Module Number: EI80006
Duration: 1 Semester
Recurrence: Summer Semester
Number of ECTS: 6
Professor in charge: Ralph Kennel
Contact hours: 60
Self-study hours: 120
The module examination is adapted to the aspired learning results:
1. Based on graded preparatory tasks (homework), the students' ability to work independently into the subject matter and thus to acquire new knowledge, solve problems and develop models will be evaluated
2. The review of activity-based competences (for example, implementation of models on the computer) is carried out by means of comprehension questions and discussion during the execution of the experiment (conversation).
3. The ability to analyze and evaluate simulation results as well as logical thinking is checked by means of a graded final exam.
The final grade is calculated from the partial tests by applying the following coefficients:
- Experiment preparation:20%
- Experiment execution: 30%
- Final exam: 50%
In order to participate successfully in the module, knowledge is strongly required in the following areas
• Profound knowledge of power electronics, e.g. lecture Power Electronics (EI8031 or EI7390)
• Experience in working in an electronic laboratory
• Basic knowledge of behavior of semiconductor power switches
• Fundamentals of control theory
After successful participation in the module, the student is able to:
• Work independently and safely in a power electronics laboratory
• Understand the behavior and operating mechanism of switched-mode power converters
• Understand the concept of systematic hardware debugging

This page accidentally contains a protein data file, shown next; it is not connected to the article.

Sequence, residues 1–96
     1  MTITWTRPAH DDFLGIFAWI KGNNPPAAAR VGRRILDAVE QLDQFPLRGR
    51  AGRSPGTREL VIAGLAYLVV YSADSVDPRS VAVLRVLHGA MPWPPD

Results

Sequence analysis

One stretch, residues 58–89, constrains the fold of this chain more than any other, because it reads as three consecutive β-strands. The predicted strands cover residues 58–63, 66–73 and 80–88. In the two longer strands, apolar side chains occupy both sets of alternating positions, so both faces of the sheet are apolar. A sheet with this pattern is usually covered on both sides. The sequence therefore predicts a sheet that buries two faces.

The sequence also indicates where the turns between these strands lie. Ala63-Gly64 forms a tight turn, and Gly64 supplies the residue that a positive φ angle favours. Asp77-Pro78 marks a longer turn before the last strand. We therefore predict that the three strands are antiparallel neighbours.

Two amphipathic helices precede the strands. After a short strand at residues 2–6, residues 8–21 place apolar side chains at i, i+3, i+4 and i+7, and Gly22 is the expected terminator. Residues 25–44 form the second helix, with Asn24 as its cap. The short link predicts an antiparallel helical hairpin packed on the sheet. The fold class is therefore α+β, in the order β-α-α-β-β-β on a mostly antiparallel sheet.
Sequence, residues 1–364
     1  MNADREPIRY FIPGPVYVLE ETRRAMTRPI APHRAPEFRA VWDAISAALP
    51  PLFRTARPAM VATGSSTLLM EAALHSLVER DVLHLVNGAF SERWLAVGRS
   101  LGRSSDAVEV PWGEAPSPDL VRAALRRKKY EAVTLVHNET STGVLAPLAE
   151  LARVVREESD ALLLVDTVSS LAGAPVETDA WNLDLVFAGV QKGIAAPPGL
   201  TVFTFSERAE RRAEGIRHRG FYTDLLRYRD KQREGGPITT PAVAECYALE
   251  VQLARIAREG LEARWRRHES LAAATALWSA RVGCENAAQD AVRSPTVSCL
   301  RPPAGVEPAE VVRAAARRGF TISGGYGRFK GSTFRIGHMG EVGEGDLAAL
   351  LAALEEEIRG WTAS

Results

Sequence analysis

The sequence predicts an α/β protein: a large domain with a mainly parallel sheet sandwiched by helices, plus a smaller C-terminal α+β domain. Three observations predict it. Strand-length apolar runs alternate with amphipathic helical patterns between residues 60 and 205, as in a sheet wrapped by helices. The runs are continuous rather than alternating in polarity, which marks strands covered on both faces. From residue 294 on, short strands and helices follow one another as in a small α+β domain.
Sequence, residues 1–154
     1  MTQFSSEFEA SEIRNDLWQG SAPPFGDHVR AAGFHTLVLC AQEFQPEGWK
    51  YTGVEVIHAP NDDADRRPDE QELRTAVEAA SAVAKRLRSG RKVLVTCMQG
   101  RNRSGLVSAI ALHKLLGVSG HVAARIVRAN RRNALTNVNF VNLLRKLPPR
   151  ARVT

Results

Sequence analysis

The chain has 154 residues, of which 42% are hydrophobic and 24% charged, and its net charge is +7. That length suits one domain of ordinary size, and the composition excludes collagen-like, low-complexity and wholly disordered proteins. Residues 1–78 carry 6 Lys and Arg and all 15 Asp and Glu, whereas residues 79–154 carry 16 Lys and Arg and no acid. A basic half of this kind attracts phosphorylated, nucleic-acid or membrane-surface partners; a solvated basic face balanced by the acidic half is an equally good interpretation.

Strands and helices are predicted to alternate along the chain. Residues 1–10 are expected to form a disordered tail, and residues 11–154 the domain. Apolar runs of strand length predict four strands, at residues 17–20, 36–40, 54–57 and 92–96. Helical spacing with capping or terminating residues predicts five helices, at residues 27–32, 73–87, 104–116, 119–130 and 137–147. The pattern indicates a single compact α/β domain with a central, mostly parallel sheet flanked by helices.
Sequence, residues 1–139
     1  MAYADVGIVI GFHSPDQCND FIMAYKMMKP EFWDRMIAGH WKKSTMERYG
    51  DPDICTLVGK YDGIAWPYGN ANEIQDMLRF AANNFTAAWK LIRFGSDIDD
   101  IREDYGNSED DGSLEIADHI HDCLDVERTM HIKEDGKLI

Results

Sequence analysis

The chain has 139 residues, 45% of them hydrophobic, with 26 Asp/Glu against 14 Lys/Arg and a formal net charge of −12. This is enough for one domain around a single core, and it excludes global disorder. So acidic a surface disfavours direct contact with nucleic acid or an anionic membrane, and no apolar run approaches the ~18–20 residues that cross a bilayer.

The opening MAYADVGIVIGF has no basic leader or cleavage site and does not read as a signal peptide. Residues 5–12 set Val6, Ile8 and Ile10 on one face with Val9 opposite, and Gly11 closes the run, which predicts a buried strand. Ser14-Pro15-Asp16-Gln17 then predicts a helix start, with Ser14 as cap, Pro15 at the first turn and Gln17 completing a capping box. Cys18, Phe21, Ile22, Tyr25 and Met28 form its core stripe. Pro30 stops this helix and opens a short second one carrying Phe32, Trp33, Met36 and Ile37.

• Understand the concept of electromagnetic compatibility analysis of DC/DC converters
• Apply the concept of efficiency analysis of DC/DC converters
• Evaluate different DC/DC converter topologies regarding efficiency, cost, electromagnetic compatibility
• Create a magnetic coil for a simple DC/DC converter
This module consists of a series of hands-on laboratory experiments with the following content being covered:
• Understanding the working principle of a buck-converter by measuring and testing a working prototype (12V-to-5V converter)
• Designing and building a magnetic coil for a boost converter and including this coil in an existing setup
• Analyzing an industrial DC/DC converter and its design criteria
• Experimental evaluation of a state-of-the-art load resonant converter (LLC)
• Experimental comparison of the different topologies regarding efficiency, electromagnetic compatibility, thermal behavior, and topology-dependent advantages
The teaching concept used in the module is based on three characteristics:
1. The detailed instruction manual is used to provide the necessary theoretical knowledge to carry out the experiments. In this case, preparatory tasks must be solved by the students before each experiment. These are evaluated and students are given feedback on their learning results at the beginning of the respective experiment.
2. The knowledge gained during the preparatory phase is transferred into groups during the experimental phase by means of practical tasks. During the experiments through inquiries and discussions with the supervisor the opportunity the possibility is given to deepen the knowledge of what has been learned.
3. Writing a final exams after carrying out the practical tasks enables the student to revise the treated material and to display the gained knowledge by answering questions regarding models and the simulation results. This phase serves both to consolidate the acquired knowledge and to promote analytical skills
Following forms of Media will be employed in this module:
• Script with preparatory exercises
• Laboratory experiments
• Erickson, R.; Maksimović, D. (2001). Fundamentals of power electronics. Norwell, Mass: Kluwer Academic.
• Mohan, N.; Undeland, T. ; Robbins, W. (2003). Power electronics : converters, applications, and design. Hoboken, NJ: John Wiley & Sons.